Awards & Winners

Comstock Prize in Physics

Comstock Prize in Physics

The Comstock Prize in Physics is awarded by the U.S. National Academy of Sciences "for recent innovative discovery or investigation in electricity, magnetism, or radiant energy, broadly interpreted." Honorees must be residents of North America. Named after Cyrus B. Comstock, it has been awarded about every five years since 1913.
Date Established : 1913

Check all the winners of Comstock Prize in Physics presented under Comstock Prize in Physics since 1913 .

Charles L. Bennett

(For his mapping of the cosmic microwave background and determining the universe's age, mass-energy content, geometry, expansion rate, and reionization epoch with unprecedented precision.)

John N. Bahcall

(For his many contributions to astrophysics, especially his definitive work on solar models and his crucial role in identifying and resolving the solar neutrino problem.)

John Clarke

(For his major contributions to the development of superconducting quantum interference devices (SQUIDS) and their use for scientific measurements, especially involving electricity, magnetism, and electromagnetic waves.)

Erwin Hahn

(For his revolutionary discoveries in magnetic resonance and coherent optics, in particular for the Hahn Spin Echo, the Hartman-Hahn Cross-polarization, and self-induced transparency.)

Charles Pence Slichter

(For his seminal contributions to the development and application of magnetic resonance in condensed matter, including the first experimental proof of pairing correlations in superconductors and fundamental studies in surface science and catalysis.)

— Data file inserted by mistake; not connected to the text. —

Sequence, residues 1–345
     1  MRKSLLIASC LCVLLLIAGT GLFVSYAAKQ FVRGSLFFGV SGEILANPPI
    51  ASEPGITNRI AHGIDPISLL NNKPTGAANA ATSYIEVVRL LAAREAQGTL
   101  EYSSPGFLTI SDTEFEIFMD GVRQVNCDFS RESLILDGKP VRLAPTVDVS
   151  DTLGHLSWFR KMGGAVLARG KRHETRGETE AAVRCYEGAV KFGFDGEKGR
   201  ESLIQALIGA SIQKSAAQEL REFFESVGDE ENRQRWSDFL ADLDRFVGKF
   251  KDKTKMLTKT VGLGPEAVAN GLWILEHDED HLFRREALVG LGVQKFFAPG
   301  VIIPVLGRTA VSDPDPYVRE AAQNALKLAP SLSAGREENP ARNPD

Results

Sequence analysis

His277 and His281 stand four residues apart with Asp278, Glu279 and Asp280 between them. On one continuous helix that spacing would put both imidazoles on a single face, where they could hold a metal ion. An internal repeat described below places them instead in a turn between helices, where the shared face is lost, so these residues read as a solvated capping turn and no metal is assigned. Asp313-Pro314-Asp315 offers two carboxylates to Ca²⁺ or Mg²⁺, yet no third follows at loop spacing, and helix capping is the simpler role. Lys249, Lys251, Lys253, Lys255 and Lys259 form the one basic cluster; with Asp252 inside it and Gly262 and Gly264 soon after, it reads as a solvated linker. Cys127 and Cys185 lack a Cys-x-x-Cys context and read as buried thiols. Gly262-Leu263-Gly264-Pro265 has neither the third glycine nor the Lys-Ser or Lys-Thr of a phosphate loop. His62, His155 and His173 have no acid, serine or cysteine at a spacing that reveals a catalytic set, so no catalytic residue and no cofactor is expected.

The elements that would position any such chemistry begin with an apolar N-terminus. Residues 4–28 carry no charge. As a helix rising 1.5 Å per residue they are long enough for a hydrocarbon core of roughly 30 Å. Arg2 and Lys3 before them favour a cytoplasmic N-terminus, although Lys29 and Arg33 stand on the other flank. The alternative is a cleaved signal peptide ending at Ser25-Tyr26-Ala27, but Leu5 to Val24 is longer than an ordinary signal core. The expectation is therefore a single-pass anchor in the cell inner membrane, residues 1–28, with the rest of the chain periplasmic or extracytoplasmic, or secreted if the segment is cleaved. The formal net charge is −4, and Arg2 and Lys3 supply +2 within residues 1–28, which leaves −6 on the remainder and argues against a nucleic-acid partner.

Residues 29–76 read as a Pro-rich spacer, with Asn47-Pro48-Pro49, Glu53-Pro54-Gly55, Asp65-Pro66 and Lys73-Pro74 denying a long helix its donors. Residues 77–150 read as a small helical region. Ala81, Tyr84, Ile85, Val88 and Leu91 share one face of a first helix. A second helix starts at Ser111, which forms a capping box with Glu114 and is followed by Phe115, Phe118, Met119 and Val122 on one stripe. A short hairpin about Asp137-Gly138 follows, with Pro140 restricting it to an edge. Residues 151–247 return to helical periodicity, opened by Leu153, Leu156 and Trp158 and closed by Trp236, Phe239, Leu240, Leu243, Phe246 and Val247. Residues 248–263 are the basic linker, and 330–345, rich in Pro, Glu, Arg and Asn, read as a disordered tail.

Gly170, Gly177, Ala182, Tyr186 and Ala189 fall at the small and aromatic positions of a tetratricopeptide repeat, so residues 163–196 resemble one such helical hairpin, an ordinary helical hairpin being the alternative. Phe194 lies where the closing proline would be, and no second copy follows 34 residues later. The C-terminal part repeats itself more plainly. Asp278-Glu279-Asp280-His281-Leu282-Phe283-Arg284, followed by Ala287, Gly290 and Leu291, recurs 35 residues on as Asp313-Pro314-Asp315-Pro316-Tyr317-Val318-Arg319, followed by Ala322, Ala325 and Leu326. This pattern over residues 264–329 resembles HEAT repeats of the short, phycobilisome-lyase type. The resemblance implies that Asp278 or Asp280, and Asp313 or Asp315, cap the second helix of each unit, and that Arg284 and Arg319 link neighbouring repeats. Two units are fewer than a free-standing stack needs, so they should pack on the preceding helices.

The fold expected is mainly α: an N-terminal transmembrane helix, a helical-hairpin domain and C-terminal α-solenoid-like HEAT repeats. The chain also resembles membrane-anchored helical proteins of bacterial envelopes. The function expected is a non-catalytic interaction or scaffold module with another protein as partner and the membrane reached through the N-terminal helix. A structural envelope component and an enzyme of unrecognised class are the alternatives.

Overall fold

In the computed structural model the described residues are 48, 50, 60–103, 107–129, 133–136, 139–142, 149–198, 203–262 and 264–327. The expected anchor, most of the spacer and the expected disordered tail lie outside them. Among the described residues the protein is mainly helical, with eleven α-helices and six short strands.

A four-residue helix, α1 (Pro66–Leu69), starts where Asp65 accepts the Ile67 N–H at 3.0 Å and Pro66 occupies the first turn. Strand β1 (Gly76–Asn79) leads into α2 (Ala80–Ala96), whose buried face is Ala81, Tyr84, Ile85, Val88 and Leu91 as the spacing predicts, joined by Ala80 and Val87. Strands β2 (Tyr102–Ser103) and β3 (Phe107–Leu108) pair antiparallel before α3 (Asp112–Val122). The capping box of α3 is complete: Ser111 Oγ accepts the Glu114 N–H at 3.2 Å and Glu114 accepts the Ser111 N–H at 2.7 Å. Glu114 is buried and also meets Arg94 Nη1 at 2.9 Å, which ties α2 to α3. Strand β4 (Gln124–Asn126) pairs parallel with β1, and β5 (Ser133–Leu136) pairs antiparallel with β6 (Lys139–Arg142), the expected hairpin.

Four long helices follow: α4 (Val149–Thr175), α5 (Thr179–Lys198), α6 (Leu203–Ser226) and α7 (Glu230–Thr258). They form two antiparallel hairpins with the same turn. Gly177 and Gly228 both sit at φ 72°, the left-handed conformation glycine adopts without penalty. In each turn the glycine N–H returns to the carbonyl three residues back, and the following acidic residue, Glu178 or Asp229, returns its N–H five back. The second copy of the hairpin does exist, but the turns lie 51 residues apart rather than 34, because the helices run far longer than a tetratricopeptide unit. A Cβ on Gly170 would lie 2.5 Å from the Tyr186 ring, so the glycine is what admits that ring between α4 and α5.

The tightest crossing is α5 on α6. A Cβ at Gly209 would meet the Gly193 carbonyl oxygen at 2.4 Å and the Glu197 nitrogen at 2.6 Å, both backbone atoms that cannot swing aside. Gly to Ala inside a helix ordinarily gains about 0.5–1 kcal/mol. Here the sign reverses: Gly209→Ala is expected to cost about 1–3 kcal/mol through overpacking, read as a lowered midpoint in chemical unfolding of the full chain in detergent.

Chu Ching-wu, Maw-Kuen Wu

(For discovery of superconductivity in yttrium barium copper oxide and similar compounds above the boiling point of nitrogen -- a major scientific and technological breakthrough.)

William Shockley

(For his pioneering investigations and exposition of electric and magnetic properties of solid materials; in particular for his researches in the conduction of electricity by electrons and holes in semiconductors.)

Merle Tuve

(For his pioneering work on the upper atmosphere and his development of the electrical pulse method of study; for his pioneering work in nuclear physics utilizing the electrostatic generator; and for his development of the proximity fuse.)

Donald William Kerst

(For his pioneer work in connection with the development of the betatron and the results which he obtained with this new and powerful scientific tool.)

Percy Williams Bridgman

(For his investigations leading to increased understanding of the electrical constitution of matter.)

Clinton Davisson

(In recognition of his experimental work demonstrating that under certain conditions, electrons behave as we would expect trains of waves to behave.)